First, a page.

Before the Big Bang – Hublot’s Origins in Gold & Rubber
Before the Big Bang there was Fusion. Let’s say you’re a competitor in the early 1980’s and you’d like to emulate Hublot’s winning combination of a gold watch on a rubber strap. That is until you realise not all rubber is created equal. Some types of rubber crack, some stain or have an unpleasant odour…some rubber straps aren’t even comfortable on the wrist. Making the perfect rubber strap, a vivid red ceramic or a scratch-proof gold is no easy task.
We’ve gone to the much easier task of picking some of our favourite contemporary Hublot watches. From this year’s Big Bang Unico Red Magic to the King Gold Classic Fusion. Aside from highlighting watches we like, our selection also doubles as a primer on “The Art of Fusion” and the metallurgical mastery going on inside Hublot’s R&D department.
Up until now vivid red ceramic – we’re talking Ferrari level red – has been elusive. The process always resulted in a ceramic with a dull burgundy colour. What Hublot has done is admirable and opens the door to a range of vivid glossy coloured ceramics. Designed and produced in the Hublot Research & Development (R&D) department, this patented innovation took four years from ideation to industrialisation. It’s functionally impressive as well, with a hardness of 1500 Vickers. Conventional ceramic, on the other hand, is rated to 1200 Vickers.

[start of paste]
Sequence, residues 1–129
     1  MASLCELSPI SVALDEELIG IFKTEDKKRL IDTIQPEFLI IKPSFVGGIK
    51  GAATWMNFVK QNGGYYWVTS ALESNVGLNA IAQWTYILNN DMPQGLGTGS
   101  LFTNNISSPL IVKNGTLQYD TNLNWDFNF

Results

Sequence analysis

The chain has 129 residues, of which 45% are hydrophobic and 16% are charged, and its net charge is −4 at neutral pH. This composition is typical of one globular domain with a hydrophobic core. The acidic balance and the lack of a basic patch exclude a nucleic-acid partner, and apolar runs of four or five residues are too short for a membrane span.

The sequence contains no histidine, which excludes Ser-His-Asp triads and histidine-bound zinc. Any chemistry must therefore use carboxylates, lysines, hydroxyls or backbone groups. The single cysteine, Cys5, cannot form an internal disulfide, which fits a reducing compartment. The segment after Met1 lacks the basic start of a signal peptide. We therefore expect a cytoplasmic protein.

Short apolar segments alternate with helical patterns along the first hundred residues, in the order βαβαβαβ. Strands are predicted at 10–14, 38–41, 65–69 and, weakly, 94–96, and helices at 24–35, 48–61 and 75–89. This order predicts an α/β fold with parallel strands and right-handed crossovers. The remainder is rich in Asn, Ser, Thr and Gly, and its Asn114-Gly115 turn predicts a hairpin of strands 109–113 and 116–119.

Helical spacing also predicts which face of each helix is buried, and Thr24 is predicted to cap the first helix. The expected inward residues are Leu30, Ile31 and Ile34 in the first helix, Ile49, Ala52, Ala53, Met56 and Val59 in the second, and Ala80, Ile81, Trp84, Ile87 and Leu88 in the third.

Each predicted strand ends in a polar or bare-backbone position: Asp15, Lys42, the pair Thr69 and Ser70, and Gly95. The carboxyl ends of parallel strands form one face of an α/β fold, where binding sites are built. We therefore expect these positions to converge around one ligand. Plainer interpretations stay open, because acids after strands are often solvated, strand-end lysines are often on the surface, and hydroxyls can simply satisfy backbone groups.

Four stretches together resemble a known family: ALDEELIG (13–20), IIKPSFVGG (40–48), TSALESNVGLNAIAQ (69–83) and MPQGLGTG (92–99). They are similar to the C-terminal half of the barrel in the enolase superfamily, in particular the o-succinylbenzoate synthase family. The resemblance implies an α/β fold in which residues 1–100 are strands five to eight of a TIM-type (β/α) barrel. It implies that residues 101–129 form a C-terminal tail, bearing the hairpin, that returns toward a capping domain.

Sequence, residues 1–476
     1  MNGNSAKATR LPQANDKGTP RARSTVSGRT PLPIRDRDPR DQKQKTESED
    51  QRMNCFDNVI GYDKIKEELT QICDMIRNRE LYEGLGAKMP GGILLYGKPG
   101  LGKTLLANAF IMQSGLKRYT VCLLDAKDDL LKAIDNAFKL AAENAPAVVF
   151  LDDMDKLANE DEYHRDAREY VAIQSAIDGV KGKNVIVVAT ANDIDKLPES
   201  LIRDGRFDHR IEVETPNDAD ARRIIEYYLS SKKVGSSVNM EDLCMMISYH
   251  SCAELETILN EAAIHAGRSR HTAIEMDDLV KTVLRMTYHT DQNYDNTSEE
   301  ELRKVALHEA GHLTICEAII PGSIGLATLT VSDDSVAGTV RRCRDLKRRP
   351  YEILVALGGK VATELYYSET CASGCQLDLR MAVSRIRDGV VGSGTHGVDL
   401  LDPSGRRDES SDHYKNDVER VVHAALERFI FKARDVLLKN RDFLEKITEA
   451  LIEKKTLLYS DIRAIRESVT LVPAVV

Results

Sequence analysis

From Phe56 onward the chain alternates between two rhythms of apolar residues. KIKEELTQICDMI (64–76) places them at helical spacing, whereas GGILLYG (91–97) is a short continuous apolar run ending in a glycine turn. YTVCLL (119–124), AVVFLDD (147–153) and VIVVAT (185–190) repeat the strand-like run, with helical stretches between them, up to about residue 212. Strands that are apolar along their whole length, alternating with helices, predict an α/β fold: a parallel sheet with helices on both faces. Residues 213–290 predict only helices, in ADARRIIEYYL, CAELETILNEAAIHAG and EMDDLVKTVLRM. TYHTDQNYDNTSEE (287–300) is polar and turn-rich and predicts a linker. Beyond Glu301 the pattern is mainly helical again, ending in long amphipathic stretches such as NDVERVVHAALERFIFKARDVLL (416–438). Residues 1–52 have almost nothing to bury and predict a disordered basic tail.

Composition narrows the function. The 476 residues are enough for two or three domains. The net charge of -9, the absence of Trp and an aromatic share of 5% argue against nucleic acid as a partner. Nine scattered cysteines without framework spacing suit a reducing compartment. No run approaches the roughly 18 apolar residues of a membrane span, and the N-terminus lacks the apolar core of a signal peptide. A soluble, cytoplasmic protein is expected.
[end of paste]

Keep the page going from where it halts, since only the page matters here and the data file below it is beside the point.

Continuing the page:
Achieved through a major innovation whereby a fusion of pressure and heat sinters the ceramic without burning the pigments. This breakthough has proven to be one of this year’s most talked about Baselworld releases. Surprisingly, it was first spotted in the wild, on the wrist of Karl Lagerfeld. Synonymous with his monochromatic sartorial taste, even Karl couldn’t resist the alluring charm of the Red Magic. Side note: Hublot has a history with red, we’re still quite fond of the “Red Dot” Bang celebrating Singapore’s 50th Golden Jubilee. It’s a Big Bang celebrating the Little Red Dot!
Never one to rest on their laurels, Hublot has been fast to leverage on its ceramic innovations. With its glossy ceramic blue case and bezel, the 45 mm Classic Fusion Chronograph Champions League™ is an example of what to expect more of from Hublot. Sporting a polished and satin-finished blue ceramic case and bezel with a blue sunray satin-finished, with “Champions League” logo dial. It’s limited to 100 and is a true blue on blue watch – attached to the blue ceramic case is a blue rubber and blue alligator strap. Contrasting white stitching is another nod to its football inspired origins (Although it’s not the only football inspired reference from Hublot this year!).
Tonneau’s in Titanium & Ceramic
First introduced in 2014, the Spirit of the Big Bang embodies what we love about the Big Bang, fitted in a tonneau shaped case. The Spirit of the Big Bang packs a big punch and despite its significant wrist presence, it reassuringly hugs the wrist. Making it exceptionally comfortable to wear all day.